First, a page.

Who was Dmitri Shostakovich? The USSR's official figurehead composer and son of the revolution that brought the Soviet state into being, or a secret dissident whose contempt for the totalitarian regime was scathing? Perhaps both? Since the posthumous publication in 1979 of alleged memoirs by Shostakovich, the controversy about the composer and his music has escalated into the most rancorous debate the world of classical music has ever kwn. Ian MacDonald's The New Shostakovich presents the case for the dissident view, arguing passionately that the meaning of the composer's music cant be fully appreciated without a kwledge of the terrible times he and his fellow artists lived through under Soviet Communism. A widely read and critically acclaimed book in the 1990s, this new edition has been comprehensively revised, extensively corrected, and updated with much new material. Whichever side of the debate readers support, The New Shostakovich presents them with a viewpoint which cant be igred.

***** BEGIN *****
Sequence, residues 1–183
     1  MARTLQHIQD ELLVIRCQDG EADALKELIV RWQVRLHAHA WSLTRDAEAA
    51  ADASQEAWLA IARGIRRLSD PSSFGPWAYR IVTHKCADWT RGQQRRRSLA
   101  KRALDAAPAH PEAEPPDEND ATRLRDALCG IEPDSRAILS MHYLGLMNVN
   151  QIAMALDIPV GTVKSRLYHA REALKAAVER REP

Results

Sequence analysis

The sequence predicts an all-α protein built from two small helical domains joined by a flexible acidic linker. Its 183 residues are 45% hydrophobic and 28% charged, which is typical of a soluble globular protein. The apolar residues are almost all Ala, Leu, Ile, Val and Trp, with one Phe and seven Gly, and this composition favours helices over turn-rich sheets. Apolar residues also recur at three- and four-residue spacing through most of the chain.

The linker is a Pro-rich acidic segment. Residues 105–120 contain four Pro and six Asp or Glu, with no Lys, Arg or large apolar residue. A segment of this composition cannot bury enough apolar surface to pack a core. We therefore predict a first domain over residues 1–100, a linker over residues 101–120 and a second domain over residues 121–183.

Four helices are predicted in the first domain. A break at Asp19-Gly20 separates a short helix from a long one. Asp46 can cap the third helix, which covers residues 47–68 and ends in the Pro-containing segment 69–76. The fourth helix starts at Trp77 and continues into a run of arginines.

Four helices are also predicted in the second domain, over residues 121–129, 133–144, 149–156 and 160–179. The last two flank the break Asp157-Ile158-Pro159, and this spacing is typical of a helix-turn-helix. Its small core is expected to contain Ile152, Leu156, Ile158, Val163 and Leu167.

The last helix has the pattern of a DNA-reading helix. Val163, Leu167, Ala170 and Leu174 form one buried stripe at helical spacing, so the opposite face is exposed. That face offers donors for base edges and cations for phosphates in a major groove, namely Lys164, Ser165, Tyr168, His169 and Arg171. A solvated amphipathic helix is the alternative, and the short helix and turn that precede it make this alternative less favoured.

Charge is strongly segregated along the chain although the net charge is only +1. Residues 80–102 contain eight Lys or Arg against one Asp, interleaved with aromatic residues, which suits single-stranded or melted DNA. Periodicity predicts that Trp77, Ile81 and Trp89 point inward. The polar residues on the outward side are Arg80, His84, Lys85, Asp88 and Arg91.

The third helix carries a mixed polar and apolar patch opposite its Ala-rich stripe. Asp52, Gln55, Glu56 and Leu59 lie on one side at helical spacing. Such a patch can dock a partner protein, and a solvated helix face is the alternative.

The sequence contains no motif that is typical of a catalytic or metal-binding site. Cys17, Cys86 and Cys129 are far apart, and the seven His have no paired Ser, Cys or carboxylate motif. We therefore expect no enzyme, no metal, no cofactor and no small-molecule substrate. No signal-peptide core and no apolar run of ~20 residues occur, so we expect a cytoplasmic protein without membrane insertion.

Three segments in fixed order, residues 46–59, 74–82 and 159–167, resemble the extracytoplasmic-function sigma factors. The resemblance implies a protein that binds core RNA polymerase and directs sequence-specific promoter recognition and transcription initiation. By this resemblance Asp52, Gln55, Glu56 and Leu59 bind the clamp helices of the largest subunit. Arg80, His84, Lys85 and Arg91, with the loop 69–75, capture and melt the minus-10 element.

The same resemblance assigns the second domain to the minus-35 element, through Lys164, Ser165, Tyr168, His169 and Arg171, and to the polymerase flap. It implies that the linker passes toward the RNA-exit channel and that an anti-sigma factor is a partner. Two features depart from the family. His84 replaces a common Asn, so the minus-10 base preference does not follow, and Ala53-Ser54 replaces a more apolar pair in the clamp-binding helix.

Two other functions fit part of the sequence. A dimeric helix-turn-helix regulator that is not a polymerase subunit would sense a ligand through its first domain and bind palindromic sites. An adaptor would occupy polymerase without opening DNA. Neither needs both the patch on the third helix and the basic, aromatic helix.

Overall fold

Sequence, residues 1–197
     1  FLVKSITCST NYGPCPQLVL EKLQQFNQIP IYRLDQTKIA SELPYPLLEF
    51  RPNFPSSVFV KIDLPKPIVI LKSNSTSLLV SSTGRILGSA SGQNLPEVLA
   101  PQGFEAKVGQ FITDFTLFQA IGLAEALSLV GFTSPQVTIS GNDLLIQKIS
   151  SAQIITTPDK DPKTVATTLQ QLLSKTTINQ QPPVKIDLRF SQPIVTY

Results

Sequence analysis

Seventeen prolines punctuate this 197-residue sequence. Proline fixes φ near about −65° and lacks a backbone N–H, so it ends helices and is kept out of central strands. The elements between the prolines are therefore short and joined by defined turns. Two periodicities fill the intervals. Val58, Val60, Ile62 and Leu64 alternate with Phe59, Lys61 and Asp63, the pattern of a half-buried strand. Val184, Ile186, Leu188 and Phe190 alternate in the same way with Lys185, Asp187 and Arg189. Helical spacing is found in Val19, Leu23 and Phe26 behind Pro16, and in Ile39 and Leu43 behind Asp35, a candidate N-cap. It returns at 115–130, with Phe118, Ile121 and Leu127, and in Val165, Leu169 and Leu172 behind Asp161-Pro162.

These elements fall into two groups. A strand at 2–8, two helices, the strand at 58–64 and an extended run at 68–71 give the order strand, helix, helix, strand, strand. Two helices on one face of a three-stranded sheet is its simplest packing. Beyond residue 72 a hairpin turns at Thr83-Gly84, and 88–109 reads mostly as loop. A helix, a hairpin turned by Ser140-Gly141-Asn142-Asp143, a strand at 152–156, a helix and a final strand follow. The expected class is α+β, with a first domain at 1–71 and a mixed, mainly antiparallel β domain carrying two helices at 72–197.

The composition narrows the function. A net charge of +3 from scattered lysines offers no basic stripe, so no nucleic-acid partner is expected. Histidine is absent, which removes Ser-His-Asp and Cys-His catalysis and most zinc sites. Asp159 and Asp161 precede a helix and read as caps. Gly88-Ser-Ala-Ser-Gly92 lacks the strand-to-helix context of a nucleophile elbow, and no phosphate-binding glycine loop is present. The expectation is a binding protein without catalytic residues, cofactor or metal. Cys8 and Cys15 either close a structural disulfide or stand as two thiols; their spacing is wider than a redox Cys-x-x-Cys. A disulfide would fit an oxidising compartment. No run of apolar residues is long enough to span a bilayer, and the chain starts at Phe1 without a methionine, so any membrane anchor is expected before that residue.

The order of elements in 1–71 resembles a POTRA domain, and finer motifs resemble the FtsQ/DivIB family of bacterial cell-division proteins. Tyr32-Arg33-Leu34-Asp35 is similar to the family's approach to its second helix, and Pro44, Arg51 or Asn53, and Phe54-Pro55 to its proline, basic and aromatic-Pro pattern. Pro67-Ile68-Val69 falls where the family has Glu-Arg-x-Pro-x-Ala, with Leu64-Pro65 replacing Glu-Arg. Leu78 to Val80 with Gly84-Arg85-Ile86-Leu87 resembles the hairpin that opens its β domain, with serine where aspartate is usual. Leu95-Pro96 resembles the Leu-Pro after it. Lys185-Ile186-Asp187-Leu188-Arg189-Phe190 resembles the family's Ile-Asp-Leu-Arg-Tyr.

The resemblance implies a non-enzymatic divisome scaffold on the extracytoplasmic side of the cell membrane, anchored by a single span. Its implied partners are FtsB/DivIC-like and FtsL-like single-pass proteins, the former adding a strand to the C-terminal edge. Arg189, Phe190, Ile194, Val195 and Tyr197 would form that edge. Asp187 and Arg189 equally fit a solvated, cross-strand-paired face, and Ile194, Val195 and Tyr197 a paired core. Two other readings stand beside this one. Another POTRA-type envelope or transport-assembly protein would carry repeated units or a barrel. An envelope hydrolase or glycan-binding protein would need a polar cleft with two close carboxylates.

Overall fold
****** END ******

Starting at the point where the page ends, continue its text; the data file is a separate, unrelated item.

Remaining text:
Ian MacDonald was born in 1948. A writer of many interests, he was Assistant Editor of the New Musical Express during 1972-5. He also worked as a songwriter and record producer, and is the author of Revolution in the Head (1994;1997; 2005), The People's Music (2003) and The Beatles at No. 1 (2003). He died in 2003.